Sunday, March 23, 2008

The quark, the jaguar, and the laws of Jurisdynamics

The Quark and the Jaguar[H]istory shows clearly that humanity is moved forward not by people who stop every little while to gauge the ultimate success or failure of their [own] ventures, but by those who think deeply about what is right and then put all their energy into doing it.

Murray Gell-Mann's lyrical book, The Quark and the Jaguar, spans the subjects of interest to Jurisdynamics as perhaps no other book does. Gell-Mann connects linguistics, art, medicine, quantum physics, superstring theory, evolution, artificial intelligence, and contemporary threats to biological and cultural diversity. The entire book represents a tour de force in complexity theory and how that discipline can inform a broad range of inquiries in many scientific fields.

The title of The Quark and the Jaguar comes from one of Gell-Mann's favorite poems: "The world of the quark has everything to do with a jaguar circling in the night." Arthur Sze, The Leaves of a Dream Are the Leaves of an Onion, River, River. To wit:
Quarks are elementary particles, building blocks of the atomic nucleus. . . . [T]he quark symbolizes the basic physical laws that govern the universe and all the matter in it. . . . The jaguar stands for the complexity of the world around us, especially as manifested in complex adaptive systems. Together, Arthur's images of the quark and the jaguar . . . convey perfectly the two aspects of nature that I call the simple and the complex: on the one hand, the underlying physical laws of matter and the universe and, on the other, the rich fabric of the world that we perceive directly and of which we are a part.
Proton splittingGell-Mann, along with George Zweig, predicted the existence of quarks. Gell-Mann alone holds the distinction of naming them quarks, after a passage from Finnegans Wake: "Three quarks for Muster Mark!" The former feat earned him the Nobel Prize in Physics. The latter connects him in a beautiful way with another discipline graced by Alfred Nobel's bequest: literature.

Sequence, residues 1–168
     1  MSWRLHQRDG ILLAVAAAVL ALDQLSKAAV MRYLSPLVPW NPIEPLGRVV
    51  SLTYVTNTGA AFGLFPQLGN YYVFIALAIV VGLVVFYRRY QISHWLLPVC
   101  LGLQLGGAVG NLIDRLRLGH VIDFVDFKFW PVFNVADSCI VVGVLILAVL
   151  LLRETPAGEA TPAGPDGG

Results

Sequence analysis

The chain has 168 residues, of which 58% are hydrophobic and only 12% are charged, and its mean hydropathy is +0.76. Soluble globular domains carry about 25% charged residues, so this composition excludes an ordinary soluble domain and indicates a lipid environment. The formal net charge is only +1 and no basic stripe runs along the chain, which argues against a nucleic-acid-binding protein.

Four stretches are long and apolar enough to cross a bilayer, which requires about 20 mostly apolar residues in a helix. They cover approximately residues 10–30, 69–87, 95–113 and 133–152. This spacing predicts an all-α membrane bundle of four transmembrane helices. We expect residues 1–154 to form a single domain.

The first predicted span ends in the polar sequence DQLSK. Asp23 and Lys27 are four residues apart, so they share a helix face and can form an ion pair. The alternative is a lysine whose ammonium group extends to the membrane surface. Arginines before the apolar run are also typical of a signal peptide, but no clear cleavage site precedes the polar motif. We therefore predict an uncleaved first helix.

At MoneyLaw, I have more to say about Gell-Mann and his views on academic culture. As this post's opening quote suggests, Gell-Mann cares passionately not only about pure knowledge, but also about its application to real-world problems. For purposes of Jurisdynamics, which operates in that realm where beauty holds sway in its eternal rivalry with truth, it suffices to close with this simple demonstration of the quark-based structure of neutrons and protons:

Quarks in action
The action inside the nucleus of a deuterium atom containing a proton and a neutron, each with three quarks: An electron strikes a quark inside a proton, passing energy to the quark before the electron bounces back. The quark now has so much energy "stuffed" into it, it creates a cascade of new particles as it flies out of the proton. The result is two new, two-quark particles.


Anonymous Anonymous said...

The only interest I had in Quark was he on Star Trek ( My granddaughter loves him and Worf). Will be checking out this lyrical book

3/24/2008 6:25 AM  
Anonymous Anonymous said...

Thanks for the reminder of Gell-Mann and the universal dance.

Somewhat tangentially, yet related to the power of natural beauty and the metaphorical jaguar circling in the night, is the evocative, many layered film "The Old Man Who Read Love Stories", directed by Rolf de Heer, Australian director who also made the seminal "Bad Boy Bubby".

3/24/2008 8:44 PM  

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